# Angular velocity from two Matrices

1. Sep 14, 2009

### brownmonster

Hi,

Currently i have a situation where I have two transformation matrices A and B (both 4x4). matrix A represents the transformation at time t=0 and matrix B represents the transformation at t = 1. I am wanting to calculate the angular velocity required to transform matrix A to matrix B, is this possible (on searching for this I can only seem to get back really complex answers and was hoping that it could be simpler than most results i have)

The application for this is that i have an animation system in my aplication, and i am wanting to populate some physics data based on the animation data this includes linear velocity and angular velocity, naturally linear velocity is rather easy as you can compute the delta and divide by the time step!

Can anyone provide me some pointers or a solution to this.. I was hoping it would be as easy as taking the matrices as 3x3's multiplying A by the transpose of B, to get the "delta" so to speak, and treating that as an angular velocity rotation matrix, but I can't see it being this simple!

Any help would be great!

Thanks!

Ste.

(Apologies for putting this in general physics, I posted from the wrong tab :(, Can it be transferred? )

Last edited: Sep 14, 2009
2. Sep 14, 2009

### brownmonster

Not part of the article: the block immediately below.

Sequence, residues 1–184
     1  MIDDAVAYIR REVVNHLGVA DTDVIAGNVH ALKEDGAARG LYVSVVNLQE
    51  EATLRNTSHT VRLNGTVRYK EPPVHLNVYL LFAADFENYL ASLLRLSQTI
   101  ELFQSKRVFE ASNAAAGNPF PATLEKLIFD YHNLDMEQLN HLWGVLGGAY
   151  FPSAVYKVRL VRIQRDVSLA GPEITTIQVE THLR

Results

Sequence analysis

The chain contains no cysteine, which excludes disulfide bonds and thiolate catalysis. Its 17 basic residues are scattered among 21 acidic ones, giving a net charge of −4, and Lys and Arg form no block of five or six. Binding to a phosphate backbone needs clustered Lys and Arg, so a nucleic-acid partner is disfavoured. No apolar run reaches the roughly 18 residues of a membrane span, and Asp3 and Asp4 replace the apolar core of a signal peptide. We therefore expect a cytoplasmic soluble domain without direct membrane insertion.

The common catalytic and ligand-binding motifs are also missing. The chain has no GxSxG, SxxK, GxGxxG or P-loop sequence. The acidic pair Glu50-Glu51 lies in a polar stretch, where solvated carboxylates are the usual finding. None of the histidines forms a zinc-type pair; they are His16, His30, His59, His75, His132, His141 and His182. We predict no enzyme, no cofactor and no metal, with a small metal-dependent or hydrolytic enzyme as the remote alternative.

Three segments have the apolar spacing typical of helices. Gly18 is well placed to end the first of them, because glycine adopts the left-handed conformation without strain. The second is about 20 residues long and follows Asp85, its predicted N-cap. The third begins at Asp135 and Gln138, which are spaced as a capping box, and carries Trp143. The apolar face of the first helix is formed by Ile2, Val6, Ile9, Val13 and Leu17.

Angular veloicty from two matrices...

Hi,

Currently i have a situation where I have two transformation matrices A and B (both 4x4). matrix A represents the transformation at time t=0 and matrix B represents the transformation at t = 1. I am wanting to calculate the angular velocity required to transform matrix A to matrix B, is this possible (on searching for this I can only seem to get back really complex answers and was hoping that it could be simpler than most results i have)

The application for this is that i have an animation system in my aplication, and i am wanting to populate some physics data based on the animation data this includes linear velocity and angular velocity, naturally linear velocity is rather easy as you can compute the delta and divide by the time step!

Can anyone provide me some pointers or a solution to this.. I was hoping it would be as easy as taking the matrices as 3x3's multiplying A by the transpose of B, to get the "delta" so to speak, and treating that as an angular velocity rotation matrix, but I can't see it being this simple!

Any help would be great!

Thanks!

Ste.

Last edited: Sep 14, 2009
3. Sep 14, 2009

### brownmonster

"Moved to general math"

Last edited: Sep 14, 2009
4. Sep 14, 2009

### arildno

Re: Angular veloicty from two matrices...

Rotations are nasty stuff, not the least how to define "angular velocity".

I advise you to look into the concept of Euler angles, for example at mathworld:
http://mathworld.wolfram.com/EulerAngles.html

5. Sep 14, 2009

### HallsofIvy

Staff Emeritus
Re: Angular veloicty from two matrices...

This was also posted in the physics section so I am merging the two threads.

6. Sep 14, 2009

### John Creighto